Section One: Basic & Cross Cutting Themes In Environmental Law
§ 1.1 The Problem of the Commons
I. The conflict of resources between individual interests and the common good
a. Costs are to fully internalized on the user and thus the result is overuse
i. Commonly available resource where there is no incentive not to maximize your use of it because any of the downsides are shared with everyone and not just one person.
ii. This is an inefficient depletion of the resource because you do not want to overuse the resource so that it collapses.
iii. Pollution of the resource: overuse of resource so that it no longer serves its purpose within the community.
II. Externalities: Other people foot the cost, not just you. You pay only a small fraction of the overall cost. Benefits outweigh the detriments.
a. Regulations may impose costs on a facility to equal the externalities, the negative environmental effects from an activity not directly reflected in the production costs.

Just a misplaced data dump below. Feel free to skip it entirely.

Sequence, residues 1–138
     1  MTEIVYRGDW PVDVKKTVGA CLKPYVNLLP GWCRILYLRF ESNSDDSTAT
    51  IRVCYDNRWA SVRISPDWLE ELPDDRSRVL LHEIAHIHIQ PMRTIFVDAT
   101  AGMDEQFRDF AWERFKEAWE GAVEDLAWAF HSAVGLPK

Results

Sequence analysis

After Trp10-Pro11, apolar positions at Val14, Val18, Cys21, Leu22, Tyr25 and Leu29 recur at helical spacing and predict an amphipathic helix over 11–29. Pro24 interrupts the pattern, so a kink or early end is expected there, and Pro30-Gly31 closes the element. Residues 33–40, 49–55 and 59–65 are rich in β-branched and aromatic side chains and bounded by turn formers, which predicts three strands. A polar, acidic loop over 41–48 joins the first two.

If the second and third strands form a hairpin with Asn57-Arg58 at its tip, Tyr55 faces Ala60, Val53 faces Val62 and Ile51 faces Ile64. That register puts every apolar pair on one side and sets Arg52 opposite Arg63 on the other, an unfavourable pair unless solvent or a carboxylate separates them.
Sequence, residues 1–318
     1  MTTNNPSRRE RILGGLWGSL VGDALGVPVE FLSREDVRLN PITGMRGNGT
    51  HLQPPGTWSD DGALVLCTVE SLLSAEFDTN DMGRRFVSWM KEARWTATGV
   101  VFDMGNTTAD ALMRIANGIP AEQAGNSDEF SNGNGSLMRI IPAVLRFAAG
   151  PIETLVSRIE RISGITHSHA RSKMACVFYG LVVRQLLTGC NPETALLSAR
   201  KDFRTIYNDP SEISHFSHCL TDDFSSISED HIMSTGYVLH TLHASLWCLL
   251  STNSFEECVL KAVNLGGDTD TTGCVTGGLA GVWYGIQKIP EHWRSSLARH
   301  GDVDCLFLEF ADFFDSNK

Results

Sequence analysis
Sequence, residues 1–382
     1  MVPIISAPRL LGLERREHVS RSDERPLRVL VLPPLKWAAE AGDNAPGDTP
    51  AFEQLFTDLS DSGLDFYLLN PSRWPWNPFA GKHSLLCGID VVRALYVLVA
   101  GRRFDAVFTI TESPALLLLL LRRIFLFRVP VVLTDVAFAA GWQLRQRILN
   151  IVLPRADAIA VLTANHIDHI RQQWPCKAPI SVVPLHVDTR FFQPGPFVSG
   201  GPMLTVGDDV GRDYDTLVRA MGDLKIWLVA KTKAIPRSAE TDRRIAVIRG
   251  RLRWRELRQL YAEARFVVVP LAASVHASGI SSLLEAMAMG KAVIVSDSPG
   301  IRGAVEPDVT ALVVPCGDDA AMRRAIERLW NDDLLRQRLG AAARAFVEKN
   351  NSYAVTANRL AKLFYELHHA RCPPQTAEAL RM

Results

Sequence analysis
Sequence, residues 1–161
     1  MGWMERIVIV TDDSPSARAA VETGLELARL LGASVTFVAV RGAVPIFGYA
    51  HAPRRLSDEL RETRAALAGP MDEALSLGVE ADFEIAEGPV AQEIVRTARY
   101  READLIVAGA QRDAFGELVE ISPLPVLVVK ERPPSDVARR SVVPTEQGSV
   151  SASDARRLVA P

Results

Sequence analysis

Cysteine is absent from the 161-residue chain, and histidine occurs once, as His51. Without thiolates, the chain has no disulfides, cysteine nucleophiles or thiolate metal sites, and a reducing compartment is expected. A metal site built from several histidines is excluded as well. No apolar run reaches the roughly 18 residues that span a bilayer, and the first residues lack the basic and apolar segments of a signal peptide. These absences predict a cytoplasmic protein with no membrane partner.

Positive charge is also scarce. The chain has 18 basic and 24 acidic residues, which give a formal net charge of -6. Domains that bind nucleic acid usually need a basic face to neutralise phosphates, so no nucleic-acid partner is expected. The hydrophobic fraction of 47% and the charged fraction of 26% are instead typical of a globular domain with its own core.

b. Regulations can in effect force the facilities to consider the pollution as a cost of production.
III. Solutions to the Tragedy of the commons
a. Total Preservation
i. Problem is that we sometimes need to use a resource and can’t just let it sit there.
i. Auction (Market Approach)
1. Problem is that you just give it to the highest bidder and we don’t always want it to go to the person with the most money
1. But this may not guarantee that the resource is being fully utilized
1. Still would only have a limited group of people that would be able to afford to use the resource
iv. Administrative Permit
1. This is the main way we allocate a resource: